Live Nation Announces $20 Concert Deal For Lil Baby, Jonas Brothers - Rolling Stone
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Live Nation, Eager For Fans’ Return, Is Selling $20 Concert Tickets

Lil Baby, the Jonas Brothers, The Black Crowes, Maroon 5, Kiss, Alice Cooper and the Zac Brown Band are among the artists offering tickets for $20 across the U.S.

livenation 20 dollar shows lil baby jonas brothers zac brownlivenation 20 dollar shows lil baby jonas brothers zac brown

Robb Cohen/Invision/AP; KGC-138/STAR MAX/IPx/AP; MediaPunch/IPx/AP

Live music is returning — slowly in some areas, swiftly in others — after the year and a half hiatus brought on by the pandemic. Live Nation is sweetening the deal for some fans, selling $20 tickets for 1,000 upcoming shows across the U.S., the major concert promoter announced Thursday.

The deal has 36 artists participating, including Lil Baby, the Jonas Brothers, The Black Crowes, Maroon 5, Kiss, Alice Cooper and the Zac Brown Band. The $20 tickets will be available while supplies last starting July 28th at 12 noon E.T. 

Live Nation has been touting high demand for shows since last year, with CEO Michael Rapino reassuring investors during earnings calls that the promoter has twice as many shows slated for 2022 as it did in more typical years. It’s unclear whether Live Nation’s move today is merely a marketing scheme or a response to lower demand for the shows — but it’s worth noting that many of the artists participating in the promotion still have plentiful tickets available for their shows across the country right now.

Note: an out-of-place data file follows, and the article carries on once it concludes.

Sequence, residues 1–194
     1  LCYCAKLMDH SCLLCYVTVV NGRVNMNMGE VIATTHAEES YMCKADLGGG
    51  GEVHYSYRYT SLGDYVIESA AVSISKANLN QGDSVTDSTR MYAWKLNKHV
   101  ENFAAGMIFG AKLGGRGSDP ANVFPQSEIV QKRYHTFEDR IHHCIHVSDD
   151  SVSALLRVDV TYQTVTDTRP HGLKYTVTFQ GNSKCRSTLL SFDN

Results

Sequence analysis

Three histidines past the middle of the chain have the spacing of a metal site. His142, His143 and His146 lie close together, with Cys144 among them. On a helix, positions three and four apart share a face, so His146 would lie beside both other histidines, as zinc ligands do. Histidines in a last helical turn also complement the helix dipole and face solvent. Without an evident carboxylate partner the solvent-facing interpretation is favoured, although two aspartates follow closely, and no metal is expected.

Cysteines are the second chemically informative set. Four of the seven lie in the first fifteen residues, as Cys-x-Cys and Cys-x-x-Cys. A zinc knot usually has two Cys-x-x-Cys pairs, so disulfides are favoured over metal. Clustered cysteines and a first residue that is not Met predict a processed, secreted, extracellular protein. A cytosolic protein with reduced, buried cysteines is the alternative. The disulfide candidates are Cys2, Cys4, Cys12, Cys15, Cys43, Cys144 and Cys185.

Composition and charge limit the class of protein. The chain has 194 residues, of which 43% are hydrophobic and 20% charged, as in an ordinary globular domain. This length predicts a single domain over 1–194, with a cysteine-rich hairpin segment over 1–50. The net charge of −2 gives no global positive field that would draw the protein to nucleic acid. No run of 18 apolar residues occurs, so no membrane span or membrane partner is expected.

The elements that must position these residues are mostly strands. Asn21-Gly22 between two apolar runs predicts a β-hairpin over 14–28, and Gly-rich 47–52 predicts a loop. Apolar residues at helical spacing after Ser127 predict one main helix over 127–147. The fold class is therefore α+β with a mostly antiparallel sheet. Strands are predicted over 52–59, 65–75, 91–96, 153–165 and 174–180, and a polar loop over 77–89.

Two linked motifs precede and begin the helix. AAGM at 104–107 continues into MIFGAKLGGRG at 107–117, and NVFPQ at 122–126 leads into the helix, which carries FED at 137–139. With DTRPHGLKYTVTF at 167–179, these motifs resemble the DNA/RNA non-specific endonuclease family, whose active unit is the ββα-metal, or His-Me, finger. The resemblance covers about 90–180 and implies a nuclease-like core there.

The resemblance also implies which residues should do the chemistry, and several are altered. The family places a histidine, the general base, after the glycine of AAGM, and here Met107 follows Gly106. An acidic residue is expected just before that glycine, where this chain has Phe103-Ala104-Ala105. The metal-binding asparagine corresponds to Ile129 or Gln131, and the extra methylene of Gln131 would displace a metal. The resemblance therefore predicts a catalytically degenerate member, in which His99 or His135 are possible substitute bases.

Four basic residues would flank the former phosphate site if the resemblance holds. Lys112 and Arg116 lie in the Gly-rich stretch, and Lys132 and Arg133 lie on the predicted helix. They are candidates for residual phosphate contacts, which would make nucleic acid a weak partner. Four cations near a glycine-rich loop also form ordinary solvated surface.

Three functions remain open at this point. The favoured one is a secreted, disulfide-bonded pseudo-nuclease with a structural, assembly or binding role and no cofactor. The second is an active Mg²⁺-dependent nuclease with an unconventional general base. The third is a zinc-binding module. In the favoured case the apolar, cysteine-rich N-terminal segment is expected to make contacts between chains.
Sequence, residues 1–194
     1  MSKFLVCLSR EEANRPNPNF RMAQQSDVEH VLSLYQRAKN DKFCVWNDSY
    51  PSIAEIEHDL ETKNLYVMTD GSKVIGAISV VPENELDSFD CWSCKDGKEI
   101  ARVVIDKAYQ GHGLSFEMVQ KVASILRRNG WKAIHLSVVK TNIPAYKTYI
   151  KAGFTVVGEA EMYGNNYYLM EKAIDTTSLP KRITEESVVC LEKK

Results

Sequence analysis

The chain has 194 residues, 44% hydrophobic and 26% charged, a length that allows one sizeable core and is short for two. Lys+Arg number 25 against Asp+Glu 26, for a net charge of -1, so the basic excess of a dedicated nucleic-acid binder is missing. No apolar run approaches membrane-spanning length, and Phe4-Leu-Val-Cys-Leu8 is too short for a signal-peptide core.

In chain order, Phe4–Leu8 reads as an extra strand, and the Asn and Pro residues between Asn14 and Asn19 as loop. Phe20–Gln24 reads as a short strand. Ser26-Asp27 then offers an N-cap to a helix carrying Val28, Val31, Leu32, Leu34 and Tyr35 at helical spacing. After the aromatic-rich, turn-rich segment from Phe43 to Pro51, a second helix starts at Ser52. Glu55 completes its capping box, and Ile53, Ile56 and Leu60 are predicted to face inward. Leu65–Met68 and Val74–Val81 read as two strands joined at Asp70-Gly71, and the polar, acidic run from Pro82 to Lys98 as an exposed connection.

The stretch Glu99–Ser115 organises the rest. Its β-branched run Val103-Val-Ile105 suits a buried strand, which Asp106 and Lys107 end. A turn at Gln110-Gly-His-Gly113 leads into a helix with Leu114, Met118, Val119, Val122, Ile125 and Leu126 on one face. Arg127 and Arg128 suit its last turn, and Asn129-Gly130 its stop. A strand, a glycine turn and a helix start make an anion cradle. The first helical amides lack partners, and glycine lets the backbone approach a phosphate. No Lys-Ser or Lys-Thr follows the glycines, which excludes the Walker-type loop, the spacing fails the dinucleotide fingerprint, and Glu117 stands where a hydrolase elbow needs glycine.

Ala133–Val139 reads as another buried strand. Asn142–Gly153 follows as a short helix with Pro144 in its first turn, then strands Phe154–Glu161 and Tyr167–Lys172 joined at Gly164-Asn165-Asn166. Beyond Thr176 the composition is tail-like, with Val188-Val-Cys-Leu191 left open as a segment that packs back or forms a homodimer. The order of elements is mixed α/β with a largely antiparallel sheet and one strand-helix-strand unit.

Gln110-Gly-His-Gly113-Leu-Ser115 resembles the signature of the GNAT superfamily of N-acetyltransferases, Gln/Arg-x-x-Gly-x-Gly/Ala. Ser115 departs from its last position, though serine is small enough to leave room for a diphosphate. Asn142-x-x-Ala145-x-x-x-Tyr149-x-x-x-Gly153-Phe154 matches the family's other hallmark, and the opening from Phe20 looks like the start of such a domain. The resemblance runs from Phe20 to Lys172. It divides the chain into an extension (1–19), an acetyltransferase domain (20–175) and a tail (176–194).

Live Nation, which also owns Ticketmaster, has struggled through the past year and a half, hemorrhaging money each month while the live music business remained in limbo. But Wall Street has kept confident in the concert promotion and ticketing giant, based on its power in the concert industry and the anticipated pent-up demand for live entertainment. Its stock is currently sitting at about $79.30 a share. That’s about $13 lower than the all-time high it hit in March, but it’s still worth more than at any point before the pandemic started.

The live music industry remains cautiously optimistic as it pushes forward amid growing concerns over the coronavirus’s highly contagious delta variant, which poses a particular risk to communities with low vaccination rates compared to those who have gotten the vaccine. As cases climb once again, Los Angeles County last weekend reinstated its mask mandate requiring residents to wear masks at indoor public places. 

The Foo Fighters postponed their show at the Forum last weekend after someone in the organization tested positive for Covid-19, but postponements are far less frequent as a late summer festival season is getting underway, and more bands and artists are announcing new tours each week. 

“We couldn’t be more excited to get back out on the road,” Zac Brown said in a statement accompanying Live Nation’s promotion announcement. “It’s been a long, difficult year for everyone and we’re fired up to be reuniting with our crew, sharing new music with our fans, and celebrating a brand new world.”


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